Other two injuries are just bruises and simple in nature.

This is factually incorrect because injury No. 2 is not an injury caused by any one but was a surgical wound caused for the purpose of performance of an operation on the deceased. Injury No. 3 is a bruise and is an injury of a trivial character. It is not even the prosecution case that the present appellant gave more than one blow with kassi or with any other weapon.

6. It is at this stage necessary to recall the circumstances under which the appellant is alleged to have given one blow with kassi. Facts alleged and held proved are that deceased Mohan Singh had constructed a house in the phirni (outer circuitous road) of village Khasi Khurd. He had installed a water pump near his house. Appellant and his father belonged to village Khasi Kalan and they had purchased agricultural land adjacent to the phirni of village Khasi Khurd. On the date of the occurrence Smt. Amar Kaur widow of the deceased was cleaning utensils at the water pump and the deceased was washing his hands and face. Appellant started digging earth from village phirni and started throwing it towards the water pump. Mohan Singh asked him not to do so but he did not desist and in the mean time the father of the appellant arrived there with a kassi. There ensued an altercation between the father of the appellant on the one hand and deceased Mohan Singh on the other. At that stage according to the prosecution Shamsher Singh, father of the appellant exhorted the appellant to attack the deceased and under these circumstances the appellant is alleged to have given one blow with the sharp edge of kassi on the head of Mohan Singh and this blow proved fatal after a period of six days.

7. In the circumstances discussed herein it is not possible to hold that the appellant intended to cause death of the deceased and Para I of Section 300, Indian Penal Code would not be attracted.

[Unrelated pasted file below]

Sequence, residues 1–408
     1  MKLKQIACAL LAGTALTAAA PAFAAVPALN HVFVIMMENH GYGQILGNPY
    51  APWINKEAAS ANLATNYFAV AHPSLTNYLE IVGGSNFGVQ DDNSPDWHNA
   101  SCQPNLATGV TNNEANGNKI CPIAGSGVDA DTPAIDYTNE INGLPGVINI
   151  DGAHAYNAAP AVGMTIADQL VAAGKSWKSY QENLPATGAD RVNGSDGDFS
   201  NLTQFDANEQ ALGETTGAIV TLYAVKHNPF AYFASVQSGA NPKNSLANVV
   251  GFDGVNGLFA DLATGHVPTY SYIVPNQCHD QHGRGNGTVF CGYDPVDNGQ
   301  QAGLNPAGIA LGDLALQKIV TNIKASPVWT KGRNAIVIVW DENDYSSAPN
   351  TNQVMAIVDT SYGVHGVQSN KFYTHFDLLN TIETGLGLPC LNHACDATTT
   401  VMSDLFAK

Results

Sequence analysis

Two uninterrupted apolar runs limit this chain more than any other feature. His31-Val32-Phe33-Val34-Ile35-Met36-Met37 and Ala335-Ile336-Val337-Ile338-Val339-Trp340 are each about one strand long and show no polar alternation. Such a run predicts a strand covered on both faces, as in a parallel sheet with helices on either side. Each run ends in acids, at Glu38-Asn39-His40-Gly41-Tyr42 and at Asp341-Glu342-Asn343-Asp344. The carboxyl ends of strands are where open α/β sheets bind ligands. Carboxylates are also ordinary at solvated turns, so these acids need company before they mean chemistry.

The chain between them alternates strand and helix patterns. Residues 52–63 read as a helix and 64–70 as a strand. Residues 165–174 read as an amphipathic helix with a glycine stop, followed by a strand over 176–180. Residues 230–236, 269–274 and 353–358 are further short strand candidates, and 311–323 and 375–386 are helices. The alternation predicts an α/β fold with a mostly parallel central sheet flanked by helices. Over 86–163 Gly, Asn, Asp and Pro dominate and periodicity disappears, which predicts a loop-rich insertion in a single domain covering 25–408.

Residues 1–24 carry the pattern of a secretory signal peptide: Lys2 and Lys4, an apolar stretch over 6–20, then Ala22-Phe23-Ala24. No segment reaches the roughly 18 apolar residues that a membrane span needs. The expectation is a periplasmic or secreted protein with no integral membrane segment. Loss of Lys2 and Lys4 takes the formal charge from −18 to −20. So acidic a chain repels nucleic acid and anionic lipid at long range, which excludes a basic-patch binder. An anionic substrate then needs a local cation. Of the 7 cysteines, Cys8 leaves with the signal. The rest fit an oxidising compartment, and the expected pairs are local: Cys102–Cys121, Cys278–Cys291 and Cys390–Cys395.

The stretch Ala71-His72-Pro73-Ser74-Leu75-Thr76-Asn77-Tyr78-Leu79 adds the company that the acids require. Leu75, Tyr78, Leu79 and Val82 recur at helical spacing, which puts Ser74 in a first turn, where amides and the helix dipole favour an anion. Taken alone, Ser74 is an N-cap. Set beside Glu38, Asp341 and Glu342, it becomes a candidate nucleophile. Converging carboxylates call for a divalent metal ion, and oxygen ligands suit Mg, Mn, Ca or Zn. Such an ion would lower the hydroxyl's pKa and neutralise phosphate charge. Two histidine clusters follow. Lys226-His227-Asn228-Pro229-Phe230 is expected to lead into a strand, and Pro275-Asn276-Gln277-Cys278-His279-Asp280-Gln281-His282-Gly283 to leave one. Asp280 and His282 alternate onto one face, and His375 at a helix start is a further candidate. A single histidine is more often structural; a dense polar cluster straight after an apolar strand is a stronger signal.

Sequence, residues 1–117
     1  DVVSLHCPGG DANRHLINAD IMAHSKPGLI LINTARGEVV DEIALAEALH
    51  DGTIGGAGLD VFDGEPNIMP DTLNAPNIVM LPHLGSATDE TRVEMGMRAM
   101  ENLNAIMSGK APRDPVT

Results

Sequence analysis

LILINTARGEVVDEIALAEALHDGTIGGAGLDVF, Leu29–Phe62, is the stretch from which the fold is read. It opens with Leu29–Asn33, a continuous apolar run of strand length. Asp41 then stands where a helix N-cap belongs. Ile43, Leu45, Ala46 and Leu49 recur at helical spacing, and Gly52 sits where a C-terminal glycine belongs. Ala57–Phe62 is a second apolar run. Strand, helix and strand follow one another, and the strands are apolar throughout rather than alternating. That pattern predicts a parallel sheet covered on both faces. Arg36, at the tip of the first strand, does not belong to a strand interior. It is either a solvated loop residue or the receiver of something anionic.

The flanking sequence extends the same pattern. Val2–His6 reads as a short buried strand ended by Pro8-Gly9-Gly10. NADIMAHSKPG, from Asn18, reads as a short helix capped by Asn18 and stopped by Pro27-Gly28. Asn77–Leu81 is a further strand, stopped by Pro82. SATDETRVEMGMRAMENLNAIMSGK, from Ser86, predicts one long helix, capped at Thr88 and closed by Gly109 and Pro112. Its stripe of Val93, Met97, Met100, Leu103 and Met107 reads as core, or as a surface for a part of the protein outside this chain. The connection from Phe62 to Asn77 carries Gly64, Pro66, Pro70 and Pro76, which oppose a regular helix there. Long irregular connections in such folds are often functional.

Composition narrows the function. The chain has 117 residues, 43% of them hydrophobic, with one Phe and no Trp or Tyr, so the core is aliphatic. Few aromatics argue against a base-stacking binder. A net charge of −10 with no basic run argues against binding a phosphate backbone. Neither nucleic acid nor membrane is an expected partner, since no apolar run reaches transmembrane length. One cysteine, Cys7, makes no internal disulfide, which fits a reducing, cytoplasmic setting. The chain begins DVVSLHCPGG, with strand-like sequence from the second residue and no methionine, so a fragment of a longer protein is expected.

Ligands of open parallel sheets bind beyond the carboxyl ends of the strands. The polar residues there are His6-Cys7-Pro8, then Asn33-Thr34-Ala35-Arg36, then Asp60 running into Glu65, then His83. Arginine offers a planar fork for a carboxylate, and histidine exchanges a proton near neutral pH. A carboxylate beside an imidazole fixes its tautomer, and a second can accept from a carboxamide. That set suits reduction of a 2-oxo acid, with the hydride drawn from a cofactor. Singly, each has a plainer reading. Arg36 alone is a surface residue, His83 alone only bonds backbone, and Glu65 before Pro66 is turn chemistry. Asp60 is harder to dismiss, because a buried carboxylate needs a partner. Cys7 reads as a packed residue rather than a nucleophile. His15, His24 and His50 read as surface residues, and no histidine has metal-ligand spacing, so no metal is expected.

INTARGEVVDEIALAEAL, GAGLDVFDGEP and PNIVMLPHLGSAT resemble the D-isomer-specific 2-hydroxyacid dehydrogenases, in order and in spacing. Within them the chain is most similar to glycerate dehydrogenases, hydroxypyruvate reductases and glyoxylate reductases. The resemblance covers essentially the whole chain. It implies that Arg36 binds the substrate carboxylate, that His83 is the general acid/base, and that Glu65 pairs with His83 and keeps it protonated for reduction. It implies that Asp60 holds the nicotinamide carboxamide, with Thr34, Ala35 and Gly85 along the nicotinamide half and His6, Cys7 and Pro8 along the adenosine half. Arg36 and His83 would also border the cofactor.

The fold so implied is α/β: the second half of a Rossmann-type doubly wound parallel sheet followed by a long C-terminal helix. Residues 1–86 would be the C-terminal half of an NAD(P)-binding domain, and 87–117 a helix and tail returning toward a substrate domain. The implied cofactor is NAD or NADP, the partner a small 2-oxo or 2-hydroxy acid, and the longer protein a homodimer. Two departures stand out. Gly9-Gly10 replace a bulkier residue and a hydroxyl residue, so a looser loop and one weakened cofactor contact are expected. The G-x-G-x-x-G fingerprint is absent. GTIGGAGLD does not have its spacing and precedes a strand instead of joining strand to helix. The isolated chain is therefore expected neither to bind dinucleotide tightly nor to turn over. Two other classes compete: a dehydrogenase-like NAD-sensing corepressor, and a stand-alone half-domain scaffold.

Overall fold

8. The contention is that Para III of Section 300, I.P.C. would be attracted in that the appellant not only intended to cause that particular injury which is alleged to have been inflicted and the injury alleged to have been inflicted was sufficient in the ordinary course of nature to cause death. In a small village upon a minor quarrel, the appellant a young boy aged 18 12 years, studying in the engineering college and not shown to have been armed, gave one blow by kassi brought by his father; could it be said that he intended to cause that particular injury? Merely because the blow landed on a particular spot on the body divorced from the circumstances in which the blow was given it would be hazardous to say that the accused intended to cause that particular injury. The weapon was not handy. He did not possess one. Altercation took place between his father and the deceased and he gave blow with a kassi. In our opinion in these circumstances it would be difficult to say that the accused intended to cause that particular injury. True it is that the injury proved fatal and was opined in the ordinary course of nature to be sufficient to cause death. We need not dilate upon this subject in view of a very recent decision of this Court in Jagrup Singh v. The State of Haryana. Decided on May 7, 1981 Sen, J. speaking for the Court, after referring to various previous decisions on the subject including the one relied upon in this case, Virsa Singh v. State of Punjab : 1958CriLJ818 observed that in order to bring the case within Para III of Section 300, I.P.C., it must be proved that there was an intention to inflict that particular bodily injury which in the ordinary course of nature was sufficient to case death. In other words, that the injury found to be present was the injury that was intended to be inflicted. We find it difficult to hold in the circumstances herein set out that such was the intention of the appellant.

9. In our opinion, having regard to the totality of circumstances, viz., there is only one injury, that the weapon was not carried by the appellant in advance, that there was no premeditation, that he was a young college going boy, that there was some altercation between the deceased and his father and that the death occurred nearly after six days, one can only say that the appellant must be attributed the knowledge that he was likely to cause an injury which was likely to cause death. Under these circumstances, in our opinion, the appellant is shown to have committed an offence under Section 304, Part II of the Indian Penal Code and he must be convicted for the same and sentenced to suffer rigorous imprisonment for five years.

10. Accordingly this appeal is allowed and the conviction of the appellant is altered from Section 302, I.P.C. to Section 304, Part II, I.P.C., and the sentence of life imprisonment is reduced to rigorous imprisonment for five years.